It was one of those campsites where it is mostly full of motorhomes where everybody just pulls in and you never even see them. They just stay inside and do whatever, probably watch TV.

My site was between two street lights so I didn't need a headlamp to get my sleeping gear together. I climbed into my sleeping bag and promptly noticed that there was a distinct smell of dog shit in the air, and I could also hear a loud droning sound which turned out to be a dry land sort and sawmill right across the river......

Day 4
277 KM

The next morning, at 4:30 I woke from a terrible sleep feeling as if I had just put in a night shift at the mill. I got my stuff together and got the hell out of dodge. I checked my gear for dog shit but to my relief there was no trace so it must have just been close.

This is the mill where I put in a full night shift.



I cruised around for a while when dawn appeared and looked for the telltale signs of a good breakfast restaurant, cars parked outside in a town that hasn't woken up yet.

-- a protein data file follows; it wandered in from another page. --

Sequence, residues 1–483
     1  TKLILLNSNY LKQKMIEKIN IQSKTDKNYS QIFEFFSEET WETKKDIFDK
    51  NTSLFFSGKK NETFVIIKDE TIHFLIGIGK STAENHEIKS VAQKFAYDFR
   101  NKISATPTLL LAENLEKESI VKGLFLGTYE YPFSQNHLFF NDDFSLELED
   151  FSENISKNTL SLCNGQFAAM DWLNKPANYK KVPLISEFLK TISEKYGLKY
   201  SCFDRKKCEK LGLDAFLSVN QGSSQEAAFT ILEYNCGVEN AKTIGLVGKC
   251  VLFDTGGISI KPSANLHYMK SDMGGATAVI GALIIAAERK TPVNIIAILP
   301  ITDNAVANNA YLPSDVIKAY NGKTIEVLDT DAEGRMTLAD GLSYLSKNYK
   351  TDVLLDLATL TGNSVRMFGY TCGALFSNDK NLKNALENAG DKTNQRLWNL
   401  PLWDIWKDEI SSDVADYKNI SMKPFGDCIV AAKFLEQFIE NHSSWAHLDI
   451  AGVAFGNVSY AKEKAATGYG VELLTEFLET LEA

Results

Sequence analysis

Eggs and bacon later I was back on my bike and looking for the start of the Princeton to Summerland section of the trail.



I found the start and resumed a quick pace through very nice ranch land. The trail climbed steadily up into the hills and away from civilization. It was starting to get warmer so I stopped for a drink. I could see the old rail line curving up and switch backing through the fields and thought that it must have been very cool when the train actually chugged it's way through this area, many years ago.